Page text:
India's Coming Bandwidth Boom

Government measures are expected to bring open competition and price cuts that will give a boost to outsourcing businesses

India's bandwidth market is expected to undergo a radical change because of government moves that have set the stage for open competition and expected price cuts. Some officials believe the country now is positioned to become the most bandwidth-competitive country in the world.

Since early 2006, the Telecom Regulatory Authority of India (TRAI) has been pushing for amendments to the international long distance licenses so that more operators could enter the market. In mid-December the Indian government accepted the recommendations for the re-sale of bandwidth, allowing other players to access the cable landing stations owned largely by VSNL/Tata as well as Bharti and Reliance, which have smaller operations.

"There will be a price reduction in the cost of bandwidth, which will not only help bandwidth-dependent companies like call centers, business process outsourcing [BPO] firms, telecom and media companies compete with the global majors, but also make India one of the most bandwidth-competitive countries in the world," says Amitabh Singhal, CEO of Telxess Consulting Services, a telecom analyst firm based in New Delhi.

Current bandwidth prices are as much as five times higher than on some international routes, according to industry sources, who add that once the directive comes into force, bandwidth prices could drop by 20%-25%.

"This will enhance competition in international private leased circuits through the entry of resellers, who will be non-facility based operators," TRAI chairman Nripendra Misra, said while lobbying the government for a more liberalized approach.

Bandwidth growth has been phenomenal in India, with the total installed bandwidth capacity in the range of 19-20 Tb and lit-up capacity in the range of 500-700 Gb.

Currently, three submarine cable companies - Tata group-owned VSNL, Reliance-owned Flag telecom and Bharti Tele-ventures - sell bandwidth in the country to Internet ISPs such as Sify, YouTelecom and Hathway.

However, with the opening of the sector and long-distance licenses granted, new operators will be able to act not just as ISPs but as telecom operators that independently utilize bandwidth. Players include US telecom giant AT&T, as well as government-owned Indian operators like MTNL, Power Grid Corp, RailTel Corp, and other firms such as HCL Infinet i2i Enterprises, Tulip IT Services and Sify.

INTERNATIONAL COMPETITIONLate last year AT&T became the first foreign telecom operator to secure a new telecom license under the Indian government's revised policy on foreign direct investment (FDI) allowing up to 74% foreign ownership. It now competes with Indian telcos in both domestic and international long distance, but it does not operate in the retail space, initially limiting itself to providing bandwidth to Indian subsidiaries of American multinational companies.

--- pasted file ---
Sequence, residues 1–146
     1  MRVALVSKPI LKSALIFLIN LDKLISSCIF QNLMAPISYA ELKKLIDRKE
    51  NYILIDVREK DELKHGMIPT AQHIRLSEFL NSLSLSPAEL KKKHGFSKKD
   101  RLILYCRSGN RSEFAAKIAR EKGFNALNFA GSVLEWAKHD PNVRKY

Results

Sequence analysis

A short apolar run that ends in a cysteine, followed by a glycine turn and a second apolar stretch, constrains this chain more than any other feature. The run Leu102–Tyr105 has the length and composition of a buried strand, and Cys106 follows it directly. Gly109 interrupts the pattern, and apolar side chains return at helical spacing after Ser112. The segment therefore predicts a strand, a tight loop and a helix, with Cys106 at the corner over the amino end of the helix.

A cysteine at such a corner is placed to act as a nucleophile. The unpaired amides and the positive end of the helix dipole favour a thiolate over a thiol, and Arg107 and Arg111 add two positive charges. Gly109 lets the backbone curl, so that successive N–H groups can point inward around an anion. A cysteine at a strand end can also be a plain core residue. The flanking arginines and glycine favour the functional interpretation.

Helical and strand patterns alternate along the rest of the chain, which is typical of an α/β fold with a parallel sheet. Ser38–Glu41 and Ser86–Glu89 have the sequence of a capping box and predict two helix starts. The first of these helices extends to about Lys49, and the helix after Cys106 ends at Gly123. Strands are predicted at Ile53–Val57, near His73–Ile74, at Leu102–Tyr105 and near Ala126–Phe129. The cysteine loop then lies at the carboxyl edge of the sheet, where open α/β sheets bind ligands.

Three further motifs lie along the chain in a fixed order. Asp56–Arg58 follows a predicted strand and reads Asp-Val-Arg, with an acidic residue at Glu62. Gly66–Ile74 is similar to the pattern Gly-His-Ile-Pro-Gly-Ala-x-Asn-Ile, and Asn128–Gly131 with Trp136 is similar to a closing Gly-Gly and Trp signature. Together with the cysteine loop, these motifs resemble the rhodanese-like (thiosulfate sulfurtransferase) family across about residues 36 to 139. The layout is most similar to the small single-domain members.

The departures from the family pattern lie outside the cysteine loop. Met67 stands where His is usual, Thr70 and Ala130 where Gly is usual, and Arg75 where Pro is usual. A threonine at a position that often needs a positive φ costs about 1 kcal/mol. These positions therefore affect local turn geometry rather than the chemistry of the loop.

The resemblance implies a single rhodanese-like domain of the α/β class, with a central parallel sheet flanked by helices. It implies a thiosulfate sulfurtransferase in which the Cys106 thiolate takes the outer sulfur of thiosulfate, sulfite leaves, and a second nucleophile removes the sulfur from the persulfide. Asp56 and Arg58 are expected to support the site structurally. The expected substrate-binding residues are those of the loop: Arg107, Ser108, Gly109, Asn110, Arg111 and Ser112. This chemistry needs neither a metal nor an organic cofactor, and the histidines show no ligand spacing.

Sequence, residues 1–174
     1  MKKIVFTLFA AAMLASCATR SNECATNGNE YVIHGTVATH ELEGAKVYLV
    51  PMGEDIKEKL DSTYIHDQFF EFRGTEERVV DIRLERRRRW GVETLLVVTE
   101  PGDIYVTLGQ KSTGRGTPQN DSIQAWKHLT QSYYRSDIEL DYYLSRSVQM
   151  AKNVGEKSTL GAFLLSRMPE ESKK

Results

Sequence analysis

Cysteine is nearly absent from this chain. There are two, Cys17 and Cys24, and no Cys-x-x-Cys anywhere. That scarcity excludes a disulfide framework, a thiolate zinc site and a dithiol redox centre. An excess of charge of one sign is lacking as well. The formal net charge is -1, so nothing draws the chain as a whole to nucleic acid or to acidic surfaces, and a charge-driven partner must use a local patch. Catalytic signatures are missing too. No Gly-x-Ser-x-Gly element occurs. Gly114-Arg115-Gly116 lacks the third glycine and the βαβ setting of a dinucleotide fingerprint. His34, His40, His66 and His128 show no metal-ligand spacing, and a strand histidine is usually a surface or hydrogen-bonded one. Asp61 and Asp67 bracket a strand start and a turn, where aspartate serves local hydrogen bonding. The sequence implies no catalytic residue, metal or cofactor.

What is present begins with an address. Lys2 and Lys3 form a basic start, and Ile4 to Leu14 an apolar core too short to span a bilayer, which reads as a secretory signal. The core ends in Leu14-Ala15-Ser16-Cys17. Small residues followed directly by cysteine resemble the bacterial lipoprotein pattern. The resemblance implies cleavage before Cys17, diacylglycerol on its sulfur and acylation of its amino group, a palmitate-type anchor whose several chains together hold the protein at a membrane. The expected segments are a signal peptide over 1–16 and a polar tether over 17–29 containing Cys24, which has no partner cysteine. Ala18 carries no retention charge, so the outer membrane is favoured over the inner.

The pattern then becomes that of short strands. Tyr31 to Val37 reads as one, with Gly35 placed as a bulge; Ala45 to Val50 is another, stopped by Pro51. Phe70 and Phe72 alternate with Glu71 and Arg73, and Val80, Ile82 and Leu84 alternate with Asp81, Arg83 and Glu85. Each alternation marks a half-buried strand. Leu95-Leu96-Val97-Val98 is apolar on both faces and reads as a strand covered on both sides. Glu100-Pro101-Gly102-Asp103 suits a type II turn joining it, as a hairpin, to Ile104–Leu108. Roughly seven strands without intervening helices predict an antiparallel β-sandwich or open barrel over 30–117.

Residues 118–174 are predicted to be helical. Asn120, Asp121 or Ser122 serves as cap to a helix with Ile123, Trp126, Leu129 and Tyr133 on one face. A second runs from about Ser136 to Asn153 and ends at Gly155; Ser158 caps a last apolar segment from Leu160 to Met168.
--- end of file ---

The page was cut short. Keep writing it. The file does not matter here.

According to some industry sources, international players such as BT and Cable & Wireless are interested in entering the telecom market, potentially triggering new competition for Indian telcos. The companies are looking at providing MPLS, ATM, network integration and security services for enterprises.

Sanjiv Bhagat, CEO of AT&T Global Networks India, believes the ability to act independently will allow international service providers to improve customer service.

"While AT&T has already been operating a successful India business for over six years in alliance with VSNL, the move will enable us to further strengthen our commitment to customers in India," he explained. "Moreover, with the sharing of cable landing infrastructure, we can ensure a higher quality of service that MNCs are used to."

Virgil Palmer, chairman of the AT&T Asia-Pacific advisory council and an executive with industrial gas giant Air Products and Chemicals, believes the telecom changes will significantly improve quality and reliability, as well as simplify tasks such as negotiating, contracting and billing.

"India is a high-priority market for just about every global MNC," Palmer noted. "And I believe that this will be a major factor in helping to attract further foreign investment and expansion into India."

The telecom rule change is also prodding players like Sify (part of the Satyam Group), HCL and Tulip IT Services to act more like traditional telecom operators, not just IT companies. That, in turn, could to lead to more sharing of telecom resources among different players competing in the expanding market.

H.S. Bedi, managing director of Tulip IT Services, said: "Going forward, telcos have to share the telecom infrastructure. There is a tremendous amount of bandwidth available in the country, and a single player does not have the ability to have the required amount of customers, nor can it provide the entire infrastructure for the backhaul."